Go to contents

Draft to Revise Criminal Law and Procedure

Posted December. 22, 2002 22:45,   


Ministry of Justice is reportedly considering extension of the detention period for the suspects charged with felonies and introduction of the "obstruction of justice" charge, which enables a prosecutor to subpoena or prosecute a material witness who opposes to report or makes false statements. The ministry has come up with those measures in wake of its decision to allow defense lawyers to participate in the investigation of a suspect.

Those measures were announced yesterday by the Justice Ministry as part of a draft intended to revise the current criminal procedure. According to the ministry, it is now consulting legal experts and scholars as well as government officials and Supreme Court Justices on the draft.

Many civil rights groups and their lawyers point out that the extended detention period and forceful subpoenaing are another forms of human rights violation and strongly oppose the draft. Therefore, a severe opposition is expected during its passage through Congress.

The ministry plans to introduce the bill to Congress early next year, once the ongoing consultation ends on December 26. Then, before the introduction, the Justice Department will hold several public hearings on it.

The new bill, if passed in Congress, would allow defense attorneys to participate in the investigation to watch whether or not the due process is violated or whether a suspect is coerced to make statements.

Even under the bill, defense attorneys could not participate in the investigation if 48 hours have not passed since the arrest of a suspect; if a suspect seems likely to temper with the evidence and/or assist his accomplice(s) to escape; or if a suspect is seemingly likely to harm the property and/or the body of the victim(s) and/or material witness(es).

Under any circumstances, however, a defense attorney would not be allowed to assist his/her client in answering questions nor making statement.

In addition, the detention period up to indictment would be considerably increased. Currently, the prosecution can detain a suspected to up 20 days if the suspect is charged with felonies such as organized crime, narcotics, terror and bribery. If the bill should get through Congress, the DA`s office could detain a felony suspect behind bars up to 6 months upon permission of the court.

Moreover, a defendant could remain in prison up to 6 months during his/her appeal to an appellate court or to the Supreme Court, respectively. Now, only a 4-month detention is allowed for a defendant. Furthermore, if a prosecutor determines that a material witness having the information crucial to prosecution fails to report more than once, the prosecutor can forcefully have the custody of the witness for 24 hours upon obtaining a bench warrant from the court.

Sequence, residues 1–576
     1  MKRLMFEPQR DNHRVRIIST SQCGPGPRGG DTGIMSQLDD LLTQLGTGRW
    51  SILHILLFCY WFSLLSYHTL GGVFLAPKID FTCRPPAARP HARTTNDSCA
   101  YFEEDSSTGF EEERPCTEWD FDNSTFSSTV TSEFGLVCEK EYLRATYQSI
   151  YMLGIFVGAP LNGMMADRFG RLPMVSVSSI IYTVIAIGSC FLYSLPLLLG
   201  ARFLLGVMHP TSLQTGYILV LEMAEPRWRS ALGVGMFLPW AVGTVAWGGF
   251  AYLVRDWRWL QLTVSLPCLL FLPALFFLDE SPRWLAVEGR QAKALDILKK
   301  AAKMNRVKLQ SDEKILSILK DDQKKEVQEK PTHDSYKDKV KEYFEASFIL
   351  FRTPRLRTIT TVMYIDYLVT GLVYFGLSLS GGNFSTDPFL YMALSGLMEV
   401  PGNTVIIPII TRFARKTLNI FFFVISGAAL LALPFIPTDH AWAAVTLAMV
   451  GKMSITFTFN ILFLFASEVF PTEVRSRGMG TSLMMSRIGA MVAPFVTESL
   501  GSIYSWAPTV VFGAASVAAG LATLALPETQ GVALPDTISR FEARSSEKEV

In addition, if a material witness or an witness makes false statements or submits false evidence to the police or to the prosecution, or if a person hinders other person from taking the witness stand, making statement or submitting evidence, the witness or the person could be charged with obstruction of justice.

The bill would also allow the court to release a person only on the certificate of appearance by a person guaranteeing the suspect would make a timely court appearance, if the suspect is not able to pay for the bail bond. In addition, the court would appoint all the indicted public defendants. Presently, only minors and the poor could have an access to the public defendant. If a person is not found not guilty after serving a long time in prison, the government would compensate him/her not only for the time served but also for the money he/she has spent defending his/her case.

Finally, the appeal to a prosecutor`s decision not to indict would be more widely applied. For now, a citizen could appeal from the prosecutor`s decision under the exceptional circumstances. In the future, however, the appeal could be made in 11 types of charges including forgery and unauthorized publication of the court document or investigation report.

Sang-Rok Lee myzodan@donga.com